Before you ask, yes, this is a real pie.
I had never heard of it before meeting my fiance Paul, and for the past year or so he has occasionally requested me to make it. Because I didn’t know what it was, and he didn’t explain it properly, I kept pushing it to the side in favour of some other, more… accessible (a.k.a more popular) desserts. However, after finding a recipe on The Kitchen Magpie (http://www.thekitchenmagpie.com/), I decided to give it a whirl.
For those of you who are uneducated in the world of flapper pie (which I was until late last week), it is a simple pie with three components. First, a graham cracker crust, much like the crusts used in cheesecakes. Next, a layer of thick and creamy custard is layered over the crust. Finally, mounds of meringue are piled on to the custard, and the whole thing is baked.
At first, I wasn’t sold. But, because a promise is a promise (and because Paul won’t let me forget it!) I decided to tackle this prairie classic.
The graham cracker crumb crust came together well. The custard I was unsure about. I have never made custard before in my life. After trying the custard in the recipe, I don’t know why I haven’t made it before! It was extremely simple, and extremely tasty. Meringue has never really given me any troubles, considering I just put all the ingredients into my mixer and go. As it stands, the pie came out of the oven looking like this:
Despite never having eaten or made flapper pie before, I wanted a slice of that pie right out of the oven. However, because the pie was technically not for me, I held back. Let me say – oh, it smelled heavenly. Still, I cooled the pie on a cooling rack for about an hour, then moved it to the fridge to finish cooling and setting.
When we cut into the pie (finally!), I was pleasantly surprised, and slightly let down. I am a bit of a perfectionist, and to say that a flapper pie cuts nicely is a huge exaggeration. Some of the crust stuck to the pie plate, and there was custard leaking, despite how solid it got. However, the flavour! Oh my! The first taste that stuck out was the creaminess of the custard mixing with the cinnamon in the crust. The meringue was a wonderful light addition to the bite, and I instantly understood the draw of this illustrious, and almost forgotten, pie.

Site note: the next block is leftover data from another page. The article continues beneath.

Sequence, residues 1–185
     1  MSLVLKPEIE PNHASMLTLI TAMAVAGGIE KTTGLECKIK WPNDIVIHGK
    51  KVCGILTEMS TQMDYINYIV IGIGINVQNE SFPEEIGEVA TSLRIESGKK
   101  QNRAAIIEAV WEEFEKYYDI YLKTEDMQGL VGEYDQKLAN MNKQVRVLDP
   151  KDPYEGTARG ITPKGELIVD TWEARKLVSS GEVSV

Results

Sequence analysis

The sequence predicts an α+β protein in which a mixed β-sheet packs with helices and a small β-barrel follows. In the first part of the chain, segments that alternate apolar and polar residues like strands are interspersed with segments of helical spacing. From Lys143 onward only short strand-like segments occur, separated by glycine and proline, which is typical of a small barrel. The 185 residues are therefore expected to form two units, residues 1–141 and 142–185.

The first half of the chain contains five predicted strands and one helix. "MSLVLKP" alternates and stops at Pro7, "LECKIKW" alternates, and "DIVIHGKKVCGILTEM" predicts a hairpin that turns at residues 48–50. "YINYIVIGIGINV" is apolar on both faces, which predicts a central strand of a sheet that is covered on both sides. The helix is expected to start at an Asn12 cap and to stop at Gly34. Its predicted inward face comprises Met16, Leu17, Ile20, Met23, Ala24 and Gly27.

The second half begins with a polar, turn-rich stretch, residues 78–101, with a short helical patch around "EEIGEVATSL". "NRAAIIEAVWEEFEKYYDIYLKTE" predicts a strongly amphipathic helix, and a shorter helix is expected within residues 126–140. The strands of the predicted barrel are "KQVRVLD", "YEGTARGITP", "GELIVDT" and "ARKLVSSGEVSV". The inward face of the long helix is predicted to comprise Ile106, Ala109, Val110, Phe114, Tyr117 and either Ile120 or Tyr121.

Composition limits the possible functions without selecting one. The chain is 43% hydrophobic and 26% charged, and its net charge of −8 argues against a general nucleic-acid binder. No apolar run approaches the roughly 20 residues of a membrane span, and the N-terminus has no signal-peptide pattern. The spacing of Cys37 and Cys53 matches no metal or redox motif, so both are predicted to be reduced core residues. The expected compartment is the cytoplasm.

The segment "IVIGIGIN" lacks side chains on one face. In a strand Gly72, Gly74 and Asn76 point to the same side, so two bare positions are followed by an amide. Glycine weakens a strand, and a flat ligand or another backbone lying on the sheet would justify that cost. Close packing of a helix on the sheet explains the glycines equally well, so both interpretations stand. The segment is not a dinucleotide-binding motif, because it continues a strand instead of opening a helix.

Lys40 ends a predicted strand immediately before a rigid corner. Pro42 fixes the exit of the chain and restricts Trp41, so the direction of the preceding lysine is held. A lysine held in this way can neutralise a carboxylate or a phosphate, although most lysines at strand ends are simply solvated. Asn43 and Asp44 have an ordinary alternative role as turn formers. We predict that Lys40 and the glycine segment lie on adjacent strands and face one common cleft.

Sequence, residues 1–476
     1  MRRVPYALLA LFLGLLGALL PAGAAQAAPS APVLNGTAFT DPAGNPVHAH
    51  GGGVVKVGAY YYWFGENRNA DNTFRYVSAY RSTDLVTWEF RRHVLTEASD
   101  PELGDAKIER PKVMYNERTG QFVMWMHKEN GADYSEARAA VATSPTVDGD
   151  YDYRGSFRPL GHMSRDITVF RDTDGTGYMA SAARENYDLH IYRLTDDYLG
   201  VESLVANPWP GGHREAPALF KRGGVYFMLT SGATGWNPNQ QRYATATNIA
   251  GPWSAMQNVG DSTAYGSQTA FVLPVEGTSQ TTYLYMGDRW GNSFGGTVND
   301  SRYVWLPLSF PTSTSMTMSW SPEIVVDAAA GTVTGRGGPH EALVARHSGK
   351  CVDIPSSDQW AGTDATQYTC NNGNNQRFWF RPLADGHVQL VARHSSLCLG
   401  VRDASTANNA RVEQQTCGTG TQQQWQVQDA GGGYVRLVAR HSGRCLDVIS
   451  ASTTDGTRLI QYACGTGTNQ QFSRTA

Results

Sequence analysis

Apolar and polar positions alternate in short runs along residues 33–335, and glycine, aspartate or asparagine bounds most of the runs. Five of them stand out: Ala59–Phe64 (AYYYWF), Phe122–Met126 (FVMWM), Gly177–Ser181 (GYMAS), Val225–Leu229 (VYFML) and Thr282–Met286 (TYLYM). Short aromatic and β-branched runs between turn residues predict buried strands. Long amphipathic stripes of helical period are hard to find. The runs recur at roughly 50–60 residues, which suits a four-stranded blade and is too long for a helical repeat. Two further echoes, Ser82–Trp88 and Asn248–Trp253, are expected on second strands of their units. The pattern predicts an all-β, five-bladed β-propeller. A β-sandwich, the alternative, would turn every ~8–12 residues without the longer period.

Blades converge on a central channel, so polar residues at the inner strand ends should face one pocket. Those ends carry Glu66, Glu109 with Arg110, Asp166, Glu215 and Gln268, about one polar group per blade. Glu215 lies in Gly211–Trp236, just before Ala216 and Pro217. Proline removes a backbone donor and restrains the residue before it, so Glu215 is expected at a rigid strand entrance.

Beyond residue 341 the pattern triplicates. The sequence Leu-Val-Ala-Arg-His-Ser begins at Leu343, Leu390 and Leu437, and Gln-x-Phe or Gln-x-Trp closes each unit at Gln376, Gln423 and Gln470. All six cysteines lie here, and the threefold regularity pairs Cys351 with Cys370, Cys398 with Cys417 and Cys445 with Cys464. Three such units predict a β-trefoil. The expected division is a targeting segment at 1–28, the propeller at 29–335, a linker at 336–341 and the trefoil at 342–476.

This pie, I can say, is definitely a new favourite, and will definitely be put into my baking rotation. Go. Make it now. It is simple, and is made with ingredients that you should have around the kitchen. You will not be disappointed!
Yields: 1 8 inch pie (can be made in a 9 or 10 inch pie dish)
1 ¼c. graham cracker crumbs
¼c. melted butter
Dash of cinnamon
2 ½c. milk
½c. white sugar
3 egg yolks
1 tsp. vanilla
Pinch of salt
3 egg whites
¼c. white sugar
¼tsp. cream of tartar
Preheat oven to 350°F. In a medium bowl, mix together all crust ingredients. Toss with a fork until incorporated. Put aside approximately 2 tbsp. of the crust mixture, and press the remaining crust mix into an 8, 9, or 10 inch pie dish, pressing the crust mixture up the sides. Bake for 5 minutes to set crust. Remove from oven and let cool while making custard and meringue.
To make the custard, combine all custard ingredients in a medium saucepan and set over medium high heat. Whisk and stir constantly, until mixture comes to a boil and thickens. Set custard aside to cool while you make the meringue.
Beat all meringue ingredients together until stiff peaks form.
Pour the custard filling into the crust, and top with the meringue. If you want to make it look nicer, use a knife or flat head spatula to create little spikes all over the top the of meringue. Sprinkle the reserved crust mixture over the meringue, and bake for 7-10 minutes, or until the meringue starts to turn a beautiful golden brown colour. Make sure you watch the pie carefully! All ovens distribute heat differently, so be sure to keep an eye on the meringue so that it doesn’t burn.
Cool on a baking rack for 45 minutes to an hour, and transfer to the fridge and let cool completely before serving.